Once you have established your list of must-have features, it's time to start comparing feature lists of shopping cart candidates to see which ones will meet your needs. If you can't find a certain feature that you require listed on the shopping cart providers website that doesn't necessarily mean that the cart does not support it. With all of the features that modern cart software support, some shopping cart providers do a poor job promoting all the features that their software offers. If you can't find the information on the shopping cart providers website, I highly recommend contacting them to inquire whether the cart can support the features that you are looking for. This actually serves a few different purposes:
1. It gives you a definitive answer whether the cart will meet your needs in terms of features offered.
2. It gives you an idea of the responsiveness of their customer service. If they take a long time to respond to your email, it could be a sign that they won't provide the most timely support further down the line when you may need it most.
3. Sometimes they will not only answer your questions for you, but if you don't sign up for an account right away, they may contact you a few days later offering special discounts that are not advertised on their website.
Many shopping cart providers offer free trials. It's a good idea to try the software out if they offer a free trial, and if they don't advertise free trials on their website, it doesn't hurt to email or call and ask for one.
Do you like it?
It's surprising how many business owners and administrators outsource the selection of a shopping cart software to the technical people. More specifically, to technical people who have no role or involvement in the day to day administration of the online store.
Choosing a shopping cart is about more than making certain it satisfies a list of required features. You have to be able to use it, day in, day out, for months and years ahead. You should make certain that your accountant finds the reporting within the shopping cart easy to work with. Are you purchasing a cart with inventory management? Make sure the folks in your warehouse find it useful. A shopping cart can have multiple touchpoints into different areas of a business. Where possible, try to get feedback from all of the people that will be using the cart. Whenever possible, you should have a list of at least 3 potential carts and try them all before picking one and cementing your decision.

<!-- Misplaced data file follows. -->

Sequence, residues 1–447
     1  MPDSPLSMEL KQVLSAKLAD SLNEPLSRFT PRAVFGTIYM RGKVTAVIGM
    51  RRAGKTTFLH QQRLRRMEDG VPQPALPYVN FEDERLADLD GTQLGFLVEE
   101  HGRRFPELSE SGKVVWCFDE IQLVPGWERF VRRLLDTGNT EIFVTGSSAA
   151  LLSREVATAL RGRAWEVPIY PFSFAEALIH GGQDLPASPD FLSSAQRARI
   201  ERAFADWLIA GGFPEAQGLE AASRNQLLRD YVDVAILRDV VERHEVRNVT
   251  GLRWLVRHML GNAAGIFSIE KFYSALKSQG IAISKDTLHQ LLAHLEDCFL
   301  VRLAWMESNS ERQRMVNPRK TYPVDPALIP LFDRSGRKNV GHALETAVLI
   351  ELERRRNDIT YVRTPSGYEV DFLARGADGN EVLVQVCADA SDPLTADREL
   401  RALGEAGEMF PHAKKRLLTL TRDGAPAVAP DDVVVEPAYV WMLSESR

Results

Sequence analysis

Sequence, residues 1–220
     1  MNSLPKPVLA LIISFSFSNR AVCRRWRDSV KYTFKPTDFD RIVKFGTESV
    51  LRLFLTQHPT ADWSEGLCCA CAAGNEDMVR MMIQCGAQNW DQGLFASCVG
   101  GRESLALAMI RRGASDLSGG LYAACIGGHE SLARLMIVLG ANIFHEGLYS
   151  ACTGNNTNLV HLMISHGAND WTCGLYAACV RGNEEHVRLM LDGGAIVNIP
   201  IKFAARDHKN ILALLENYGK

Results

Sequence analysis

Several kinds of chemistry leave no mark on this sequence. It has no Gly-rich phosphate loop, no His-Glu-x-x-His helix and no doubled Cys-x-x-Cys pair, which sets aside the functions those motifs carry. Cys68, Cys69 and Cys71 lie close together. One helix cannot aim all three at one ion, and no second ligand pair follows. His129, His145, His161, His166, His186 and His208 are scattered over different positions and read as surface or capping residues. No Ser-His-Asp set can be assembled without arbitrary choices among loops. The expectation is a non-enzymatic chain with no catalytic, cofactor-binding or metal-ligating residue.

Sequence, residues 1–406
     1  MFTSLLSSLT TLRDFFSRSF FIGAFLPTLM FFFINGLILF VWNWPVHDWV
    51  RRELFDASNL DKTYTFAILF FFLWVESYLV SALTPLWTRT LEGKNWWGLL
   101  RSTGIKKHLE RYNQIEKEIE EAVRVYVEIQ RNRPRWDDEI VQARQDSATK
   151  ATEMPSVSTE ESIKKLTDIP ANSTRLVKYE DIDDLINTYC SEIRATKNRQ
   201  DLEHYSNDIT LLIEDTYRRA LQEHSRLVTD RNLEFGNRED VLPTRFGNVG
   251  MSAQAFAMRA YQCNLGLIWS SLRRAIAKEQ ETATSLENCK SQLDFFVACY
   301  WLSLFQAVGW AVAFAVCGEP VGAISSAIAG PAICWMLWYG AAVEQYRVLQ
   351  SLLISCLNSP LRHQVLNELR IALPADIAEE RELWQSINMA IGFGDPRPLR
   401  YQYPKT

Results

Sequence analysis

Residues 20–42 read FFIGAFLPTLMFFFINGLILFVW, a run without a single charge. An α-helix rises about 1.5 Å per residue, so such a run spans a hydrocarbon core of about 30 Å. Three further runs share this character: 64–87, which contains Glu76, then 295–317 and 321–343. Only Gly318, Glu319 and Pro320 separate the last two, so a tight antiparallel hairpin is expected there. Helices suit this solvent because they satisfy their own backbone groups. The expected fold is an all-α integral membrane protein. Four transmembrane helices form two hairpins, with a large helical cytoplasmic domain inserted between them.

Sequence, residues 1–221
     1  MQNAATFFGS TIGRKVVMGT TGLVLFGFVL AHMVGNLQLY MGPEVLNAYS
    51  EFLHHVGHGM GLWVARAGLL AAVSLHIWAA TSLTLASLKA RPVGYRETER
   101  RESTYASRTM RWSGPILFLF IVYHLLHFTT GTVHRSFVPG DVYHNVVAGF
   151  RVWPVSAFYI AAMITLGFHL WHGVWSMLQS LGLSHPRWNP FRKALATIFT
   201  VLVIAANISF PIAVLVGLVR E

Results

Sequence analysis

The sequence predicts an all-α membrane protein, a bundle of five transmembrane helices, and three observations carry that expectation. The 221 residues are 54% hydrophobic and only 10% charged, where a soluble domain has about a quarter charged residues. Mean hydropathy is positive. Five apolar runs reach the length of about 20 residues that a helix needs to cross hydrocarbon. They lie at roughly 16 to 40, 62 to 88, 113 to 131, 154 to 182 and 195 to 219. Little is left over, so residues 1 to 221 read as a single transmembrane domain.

Support is extremely important. The level of customer support you get from shopping cart providers can vary widely. Some shopping carts give no support at all, some only offer email support, some offer phone support during business hours, some offer 24/7 phone support. It's up to you to decide what level of support you think you'll need and make sure the cart you choose matches your needs. Even with this in mind, it doesn't make any difference if your cart offers 24/7 phone support if the agents aren't knowledgeable, or if response timeframes are slow. When picking a potential cart it's never a bad idea to call in for support just to see how long the queue is, and ask a few basic questions. If the experience is bad, don't expect it to get better after you start paying fees.
The most support intensive phase is at the beginning when setting up your cart initially. Once things are up and running things generally tend to work quite reliably until you start making changes. You will likely find that the level of support offered by the shopping cart is closely tied to the price you pay. Although not always the case, it's a fair generalization that less expensive carts will have less resource available for support, which can be reflected in customer response times and overall customer service. That's not to say that affordable carts don't offer good support. There are excellent affordable carts, with excellent support. I point this out because it is shocking how many merchants just do not value support... until the moment they finally need it.
As mentioned above, pricing is important to consider but there are a great many other factors that must be weighted before making a decision.
Your shopping cart is your interface through to your customers. It reflects your business, your brand, and is the face of your online personality. You don't want to handicap your online store by using a cheap cart that is lacking in important sales and marketing features just to save a few dollars per month.
The old adage "you have to spend money to make money" can be applied. I'm not saying that inexpensive carts are bad and all expensive carts are good, as this is certainly not the case. To be clear, I'm saying that its not worth abandoning important features that could legitimately help the business just to save some money on the cart. We have had many small merchants over the years start with free open source carts and move to paid platforms over time.
If the features work well, they will help you to drive more sales and generate revenue that will more than cover the extra cost of the cart software. Selecting a good shopping cart is one of the most crucial factors when running a successful ecommerce business. It can be tempting to go with a very basic cheap cart, but if a poor cart implementation ends up not converting customers as efficiently as a more expensive cart could have, in the end it will cost much more than any savings realized on the cart software itself.
Choosing the right shopping cart can be an intimidating decision. It may seem complicated but by utilizing the advice discussed herein you can whittle down the options until you have chosen an excellent cart platform for your business.
It's also worth noting that your merchant account provider should be more than willing to help you choose a good shopping cart platform. At Merchant Accounts.ca, our policy is never to earn referral fees from any of our cart partners. By staying impartial we are able to genuinely put our clients needs upfront, and do our best to help them pick the best shopping cart for their unique situation. If you already have a merchant account and are currently processing credit cards, ask your merchant account provider for help. They should be more than willing to help you out. As a last note on this, if you are with a traditional merchant account provider that specializes in POS type transactions, you may find the support you receive is fairly limited when it comes to e-commerce related inquiries. If that's the case don't hesitate go contact us or another e-commerce specific merchant account provider. Choosing a cart is a very important decision, and you should be supported on all sides: the merchant account provider, the payment gateway, and the shopping cart provider.